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Residence built to accommodate bad hips, knees

Chris Dorst
Robert Dorsey rigged a rope pulley to bring wood to the elevated porch. He can load the storage box for wood for the inside fireplace or burn the wood in the fireplace on the porch.
Chris Dorst The walk-in shower in Robert Dorsey's bathroom is large enough to accommodate a wheelchair.
Chris Dorst For easier opening, all the interior door handles are levers.

CHARLESTON, W.Va. -- Robert Dorsey pointed to an electrical outlet during a recent tour of his new house.

"See how high it is, probably 21 inches from the floor, whereas most outlets are 12 inches? Makes it easier to plug something in," he said, demonstrating by barely bending over to reach the outlet.

It's one of several features Dorsey has incorporated to make his new house accessible.

"Everybody ought to be planning for old age," stated Dorsey, who spent many years remodeling houses.

"Customers would call me and say, 'Dad's getting out of the hospital tomorrow and I'm going to need a bathroom on the first floor,'" Dorsey recalled, shaking his head at such lack of foresight.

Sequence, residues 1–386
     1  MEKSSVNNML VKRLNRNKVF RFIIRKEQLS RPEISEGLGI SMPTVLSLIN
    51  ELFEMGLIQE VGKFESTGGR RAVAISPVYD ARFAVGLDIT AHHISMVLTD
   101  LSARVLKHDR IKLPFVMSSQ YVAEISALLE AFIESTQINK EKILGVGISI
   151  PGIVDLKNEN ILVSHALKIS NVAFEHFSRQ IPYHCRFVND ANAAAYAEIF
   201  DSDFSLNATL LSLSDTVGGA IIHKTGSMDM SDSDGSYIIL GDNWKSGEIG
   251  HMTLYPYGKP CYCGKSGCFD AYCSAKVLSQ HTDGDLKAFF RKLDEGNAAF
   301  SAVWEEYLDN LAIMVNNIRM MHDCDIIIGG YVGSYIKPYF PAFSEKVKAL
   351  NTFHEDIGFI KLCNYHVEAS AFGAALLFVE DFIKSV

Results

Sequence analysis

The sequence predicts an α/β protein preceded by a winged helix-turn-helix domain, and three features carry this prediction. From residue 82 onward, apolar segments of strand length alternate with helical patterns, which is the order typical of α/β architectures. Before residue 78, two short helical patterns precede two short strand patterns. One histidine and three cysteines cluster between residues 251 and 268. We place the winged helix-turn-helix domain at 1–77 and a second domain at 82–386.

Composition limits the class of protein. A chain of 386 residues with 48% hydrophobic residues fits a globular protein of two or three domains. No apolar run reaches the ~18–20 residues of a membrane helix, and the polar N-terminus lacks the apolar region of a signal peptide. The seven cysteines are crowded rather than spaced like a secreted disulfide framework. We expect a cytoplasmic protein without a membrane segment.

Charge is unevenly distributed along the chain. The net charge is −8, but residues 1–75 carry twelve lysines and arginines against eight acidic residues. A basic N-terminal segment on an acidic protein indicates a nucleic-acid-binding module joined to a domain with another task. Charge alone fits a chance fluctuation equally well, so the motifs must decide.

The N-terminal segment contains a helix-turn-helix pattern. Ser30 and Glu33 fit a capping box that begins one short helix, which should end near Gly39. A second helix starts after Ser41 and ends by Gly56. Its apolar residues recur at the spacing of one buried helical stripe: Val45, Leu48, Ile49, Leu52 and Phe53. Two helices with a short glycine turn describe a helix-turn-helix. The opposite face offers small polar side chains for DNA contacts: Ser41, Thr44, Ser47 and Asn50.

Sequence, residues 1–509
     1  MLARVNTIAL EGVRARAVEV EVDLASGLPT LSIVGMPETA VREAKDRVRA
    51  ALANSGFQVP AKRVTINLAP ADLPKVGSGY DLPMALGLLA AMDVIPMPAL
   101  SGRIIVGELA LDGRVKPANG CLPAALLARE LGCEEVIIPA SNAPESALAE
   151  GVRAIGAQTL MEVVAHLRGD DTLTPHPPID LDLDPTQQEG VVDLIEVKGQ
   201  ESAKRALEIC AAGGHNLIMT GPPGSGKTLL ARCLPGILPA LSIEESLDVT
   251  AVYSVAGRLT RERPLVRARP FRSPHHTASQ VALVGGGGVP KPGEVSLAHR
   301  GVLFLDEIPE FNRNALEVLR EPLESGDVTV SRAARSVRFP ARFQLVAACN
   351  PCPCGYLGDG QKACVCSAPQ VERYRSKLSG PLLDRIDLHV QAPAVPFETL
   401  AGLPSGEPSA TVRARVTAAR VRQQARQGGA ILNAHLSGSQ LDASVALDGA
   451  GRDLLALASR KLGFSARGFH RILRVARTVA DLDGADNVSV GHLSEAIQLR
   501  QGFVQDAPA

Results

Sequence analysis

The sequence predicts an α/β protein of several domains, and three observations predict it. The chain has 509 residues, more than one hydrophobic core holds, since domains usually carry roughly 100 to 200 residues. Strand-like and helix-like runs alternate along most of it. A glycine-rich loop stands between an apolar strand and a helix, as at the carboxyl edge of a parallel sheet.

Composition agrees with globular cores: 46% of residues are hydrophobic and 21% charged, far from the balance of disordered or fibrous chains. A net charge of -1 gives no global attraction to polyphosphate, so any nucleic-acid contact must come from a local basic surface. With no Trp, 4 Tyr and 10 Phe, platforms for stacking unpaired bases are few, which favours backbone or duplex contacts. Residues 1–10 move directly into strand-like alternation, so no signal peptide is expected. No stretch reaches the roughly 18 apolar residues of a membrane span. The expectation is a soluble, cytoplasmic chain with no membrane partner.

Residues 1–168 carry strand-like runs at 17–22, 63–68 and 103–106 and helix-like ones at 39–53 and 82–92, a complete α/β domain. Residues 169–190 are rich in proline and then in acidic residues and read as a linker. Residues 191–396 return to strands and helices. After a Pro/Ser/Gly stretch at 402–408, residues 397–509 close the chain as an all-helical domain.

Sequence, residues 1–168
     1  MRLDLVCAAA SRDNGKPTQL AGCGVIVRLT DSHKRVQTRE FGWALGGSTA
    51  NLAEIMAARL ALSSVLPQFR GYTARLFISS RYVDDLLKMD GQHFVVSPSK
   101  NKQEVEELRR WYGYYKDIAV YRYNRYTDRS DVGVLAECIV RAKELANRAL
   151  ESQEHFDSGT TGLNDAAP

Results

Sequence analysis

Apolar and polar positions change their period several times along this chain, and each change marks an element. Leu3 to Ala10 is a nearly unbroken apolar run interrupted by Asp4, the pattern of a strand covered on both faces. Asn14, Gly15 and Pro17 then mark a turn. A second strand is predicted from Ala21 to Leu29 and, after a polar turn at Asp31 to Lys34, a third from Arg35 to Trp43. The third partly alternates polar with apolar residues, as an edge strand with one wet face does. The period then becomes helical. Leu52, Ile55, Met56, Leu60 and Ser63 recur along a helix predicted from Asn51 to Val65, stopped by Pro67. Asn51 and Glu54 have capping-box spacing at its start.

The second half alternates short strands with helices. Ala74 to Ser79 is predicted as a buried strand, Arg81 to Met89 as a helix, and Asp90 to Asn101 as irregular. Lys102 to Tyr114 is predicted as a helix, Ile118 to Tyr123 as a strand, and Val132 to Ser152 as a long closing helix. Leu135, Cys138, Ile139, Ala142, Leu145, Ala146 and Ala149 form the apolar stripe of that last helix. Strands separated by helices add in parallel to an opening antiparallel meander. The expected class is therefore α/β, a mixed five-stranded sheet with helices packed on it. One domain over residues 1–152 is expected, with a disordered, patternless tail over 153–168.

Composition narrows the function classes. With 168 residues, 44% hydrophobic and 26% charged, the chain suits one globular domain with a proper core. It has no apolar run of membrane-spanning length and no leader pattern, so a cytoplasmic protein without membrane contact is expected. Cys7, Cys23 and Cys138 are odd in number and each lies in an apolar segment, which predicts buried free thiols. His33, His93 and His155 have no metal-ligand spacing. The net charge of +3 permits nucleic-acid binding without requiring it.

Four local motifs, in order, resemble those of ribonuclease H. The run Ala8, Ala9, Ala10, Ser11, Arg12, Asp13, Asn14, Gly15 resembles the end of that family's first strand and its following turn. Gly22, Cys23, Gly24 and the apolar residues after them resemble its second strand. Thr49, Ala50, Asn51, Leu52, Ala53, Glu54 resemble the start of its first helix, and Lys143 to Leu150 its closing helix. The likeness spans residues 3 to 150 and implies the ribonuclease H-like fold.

Now retired, Dorsey has spent a lot of time thinking about the details for the future. The laundry room is on the main floor; door handles are levers rather than knobs. A pocket door separates the master bedroom from the master bath to allow room for a wheelchair to pass through. The toilet seat is higher than standard, and plenty of space was left around all toilets for a wheelchair to maneuver. The large walk-in shower can also accommodate a wheelchair.

There's a steep driveway from Smith Road up to the parking area in front of the house and its large detached garage. Dorsey built a ramp from the garage to an elevated porch that opens into the house.

He rigged a rope pulley to hoist firewood from the ground a story below to the porch. There's a wood-burning fireplace as well as a gas grill on the porch. And it's from the porch that he stacks wood into a storage area to feed the wood-burning insert that helps heat the living room.

Although Dorsey plans to use the large, high-ceiling attic only for storage, the area is reachable by an interior stairway and could be converted for other purposes.

A judge in a recent design competition commented, "The house really embodies a great spirit of Appalachian ingenuity."

When asked, Dorsey said he has invested about $340,000 in the house, roughly $100,000 more than he intended to spend.

"I have bad knees," he said. "I wanted a house to grow old in."

Reach Rosalie Earle at earle@wvgazette.com or 304-348-5115.


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